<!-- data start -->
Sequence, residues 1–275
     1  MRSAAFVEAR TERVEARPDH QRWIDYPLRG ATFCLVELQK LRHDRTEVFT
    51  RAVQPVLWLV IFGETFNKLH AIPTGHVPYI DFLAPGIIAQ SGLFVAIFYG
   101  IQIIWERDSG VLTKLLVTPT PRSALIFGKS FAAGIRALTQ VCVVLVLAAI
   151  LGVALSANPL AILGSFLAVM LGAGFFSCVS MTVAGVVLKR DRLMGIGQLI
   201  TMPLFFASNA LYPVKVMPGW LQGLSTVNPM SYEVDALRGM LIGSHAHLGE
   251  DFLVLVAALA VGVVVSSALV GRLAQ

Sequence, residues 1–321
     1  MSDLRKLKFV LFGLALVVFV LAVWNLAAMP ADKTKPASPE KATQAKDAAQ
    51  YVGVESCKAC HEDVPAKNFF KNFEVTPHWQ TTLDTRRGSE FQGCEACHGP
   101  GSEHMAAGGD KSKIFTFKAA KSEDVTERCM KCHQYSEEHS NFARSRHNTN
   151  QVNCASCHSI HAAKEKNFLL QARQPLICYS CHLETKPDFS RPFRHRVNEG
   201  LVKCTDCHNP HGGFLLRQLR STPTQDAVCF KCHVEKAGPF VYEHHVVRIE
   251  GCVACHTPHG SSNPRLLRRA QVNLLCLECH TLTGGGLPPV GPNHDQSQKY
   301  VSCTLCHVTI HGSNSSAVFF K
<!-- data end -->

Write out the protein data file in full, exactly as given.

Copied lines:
Sequence, residues 1–275
     1  MRSAAFVEAR TERVEARPDH QRWIDYPLRG ATFCLVELQK LRHDRTEVFT
    51  RAVQPVLWLV IFGETFNKLH AIPTGHVPYI DFLAPGIIAQ SGLFVAIFYG
   101  IQIIWERDSG VLTKLLVTPT PRSALIFGKS FAAGIRALTQ VCVVLVLAAI
   151  LGVALSANPL AILGSFLAVM LGAGFFSCVS MTVAGVVLKR DRLMGIGQLI
   201  TMPLFFASNA LYPVKVMPGW LQGLSTVNPM SYEVDALRGM LIGSHAHLGE
   251  DFLVLVAALA VGVVVSSALV GRLAQ

Sequence, residues 1–321
     1  MSDLRKLKFV LFGLALVVFV LAVWNLAAMP ADKTKPASPE KATQAKDAAQ
    51  YVGVESCKAC HEDVPAKNFF KNFEVTPHWQ TTLDTRRGSE FQGCEACHGP
   101  GSEHMAAGGD KSKIFTFKAA KSEDVTERCM KCHQYSEEHS NFARSRHNTN
   151  QVNCASCHSI HAAKEKNFLL QARQPLICYS CHLETKPDFS RPFRHRVNEG
   201  LVKCTDCHNP HGGFLLRQLR STPTQDAVCF KCHVEKAGPF VYEHHVVRIE
   251  GCVACHTPHG SSNPRLLRRA QVNLLCLECH TLTGGGLPPV GPNHDQSQKY
   301  VSCTLCHVTI HGSNSSAVFF K